I have been using a narcotic medication that I’ve gotten from friends, but I do not have a prescription myself. I realize that being in possession of this medication without a prescription is illegal and I could face criminal charges, so I want to try to get a prescription from my doctor. If I tell my doctor the right things that they need to hear, whether or not it’s true, to get a prescription, will I be safe from criminal charges?

Most people realize that being in possession of a controlled substance without a prescription is illegal. What people often do not realize is that there are also laws in Florida that make it illegal to obtain or attempt to obtain a prescription for a controlled substance by making false statements or misrepresentations, committing fraud or forgery, or through deception. This makes it illegal to lie to a doctor to obtain a prescription for a controlled substance. It is also illegal in Florida to withhold information from a practitioner who is prescribing you a controlled substance that you have already received a controlled substance or a prescription for a controlled substance of like therapeutic use from another practitioner within the previous thirty (30) days. This is intended to prevent “doctor shopping,” or the practice of obtaining multiple prescriptions from multiple doctors within the same timeframe. Continue reading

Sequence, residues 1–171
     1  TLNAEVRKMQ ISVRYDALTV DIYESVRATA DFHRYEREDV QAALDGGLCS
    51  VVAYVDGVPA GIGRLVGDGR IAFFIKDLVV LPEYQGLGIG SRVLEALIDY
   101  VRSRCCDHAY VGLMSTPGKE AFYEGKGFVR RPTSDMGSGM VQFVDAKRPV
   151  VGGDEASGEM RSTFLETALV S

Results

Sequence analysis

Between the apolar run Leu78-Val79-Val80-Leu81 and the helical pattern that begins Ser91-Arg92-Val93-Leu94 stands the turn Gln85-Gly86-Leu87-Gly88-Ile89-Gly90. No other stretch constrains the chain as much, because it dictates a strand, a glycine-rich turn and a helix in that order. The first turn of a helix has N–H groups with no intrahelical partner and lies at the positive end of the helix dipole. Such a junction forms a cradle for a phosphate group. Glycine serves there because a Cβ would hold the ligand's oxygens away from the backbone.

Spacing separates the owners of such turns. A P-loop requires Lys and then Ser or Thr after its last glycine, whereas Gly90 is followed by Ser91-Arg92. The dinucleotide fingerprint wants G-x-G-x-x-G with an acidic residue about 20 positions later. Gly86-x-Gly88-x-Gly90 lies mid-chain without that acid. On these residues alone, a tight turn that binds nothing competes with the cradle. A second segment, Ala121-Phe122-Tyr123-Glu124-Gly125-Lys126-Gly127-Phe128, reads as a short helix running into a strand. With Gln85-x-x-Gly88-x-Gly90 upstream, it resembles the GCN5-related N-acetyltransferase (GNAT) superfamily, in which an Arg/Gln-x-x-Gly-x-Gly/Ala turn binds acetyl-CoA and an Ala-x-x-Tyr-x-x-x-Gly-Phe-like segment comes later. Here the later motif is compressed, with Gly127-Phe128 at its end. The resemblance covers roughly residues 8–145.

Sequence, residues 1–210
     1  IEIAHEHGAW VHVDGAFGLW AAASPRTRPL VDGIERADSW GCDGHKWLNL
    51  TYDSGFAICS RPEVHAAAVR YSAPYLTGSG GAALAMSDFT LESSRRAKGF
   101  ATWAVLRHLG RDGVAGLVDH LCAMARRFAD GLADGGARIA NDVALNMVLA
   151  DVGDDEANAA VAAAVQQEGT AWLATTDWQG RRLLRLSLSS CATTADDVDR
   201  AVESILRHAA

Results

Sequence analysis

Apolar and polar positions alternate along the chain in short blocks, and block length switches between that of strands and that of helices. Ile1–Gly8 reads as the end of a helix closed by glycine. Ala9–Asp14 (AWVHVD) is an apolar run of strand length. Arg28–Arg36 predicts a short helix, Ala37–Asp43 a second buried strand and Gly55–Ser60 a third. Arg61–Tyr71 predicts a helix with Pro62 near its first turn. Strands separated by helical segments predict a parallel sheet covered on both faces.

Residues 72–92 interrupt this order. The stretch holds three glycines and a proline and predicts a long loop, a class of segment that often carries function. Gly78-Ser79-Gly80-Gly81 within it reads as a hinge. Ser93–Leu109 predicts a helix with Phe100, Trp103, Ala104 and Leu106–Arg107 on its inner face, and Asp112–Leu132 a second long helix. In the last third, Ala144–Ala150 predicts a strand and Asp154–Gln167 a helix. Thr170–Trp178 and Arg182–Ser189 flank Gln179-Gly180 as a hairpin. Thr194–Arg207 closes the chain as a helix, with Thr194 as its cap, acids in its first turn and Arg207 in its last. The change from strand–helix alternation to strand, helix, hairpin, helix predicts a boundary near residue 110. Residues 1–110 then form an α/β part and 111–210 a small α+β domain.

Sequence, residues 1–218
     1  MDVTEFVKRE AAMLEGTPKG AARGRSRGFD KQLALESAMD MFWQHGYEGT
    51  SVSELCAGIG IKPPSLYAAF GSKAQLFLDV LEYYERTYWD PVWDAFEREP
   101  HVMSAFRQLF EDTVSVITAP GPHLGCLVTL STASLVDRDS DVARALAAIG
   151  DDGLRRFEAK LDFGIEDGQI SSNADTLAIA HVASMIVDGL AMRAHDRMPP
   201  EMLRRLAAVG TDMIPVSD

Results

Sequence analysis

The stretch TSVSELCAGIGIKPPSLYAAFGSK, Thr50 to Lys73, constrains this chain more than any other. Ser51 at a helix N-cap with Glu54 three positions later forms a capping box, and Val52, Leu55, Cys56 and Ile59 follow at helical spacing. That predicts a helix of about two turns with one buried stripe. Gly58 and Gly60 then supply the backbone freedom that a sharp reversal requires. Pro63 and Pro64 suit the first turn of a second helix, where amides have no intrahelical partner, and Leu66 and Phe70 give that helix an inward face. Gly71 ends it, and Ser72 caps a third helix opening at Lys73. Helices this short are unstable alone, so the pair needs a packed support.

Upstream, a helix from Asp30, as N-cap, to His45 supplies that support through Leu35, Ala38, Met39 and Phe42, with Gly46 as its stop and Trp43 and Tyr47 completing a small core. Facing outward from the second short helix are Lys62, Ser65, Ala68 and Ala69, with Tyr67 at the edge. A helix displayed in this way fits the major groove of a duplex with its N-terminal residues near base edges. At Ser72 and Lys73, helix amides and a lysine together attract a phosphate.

Yes. There are several ways under current Florida law for a physician to face criminal liability for illegally prescribing Pill Mills with OxyContinor trafficking controlled substances. Physicians can be held criminally liable for prescribing controlled substances without conducting proper medical examinations, writing a prescription for a controlled substance if the sole purpose is to provide a monetary benefit to the physician, possessing a building or structure (the clinic  or office) for the purposes of trafficking a controlled substance, writing a prescription for a fictitious person,  and assisting someone in obtaining a prescription for a controlled substance through deceptive, untrue, or fraudulent representations, or through employing a trick or scheme. All of these charges are felonies, and a physician will often be charged with several of the above-mentioned criminal offenses if they’re engaged in illegally prescribing controlled substances. Continue reading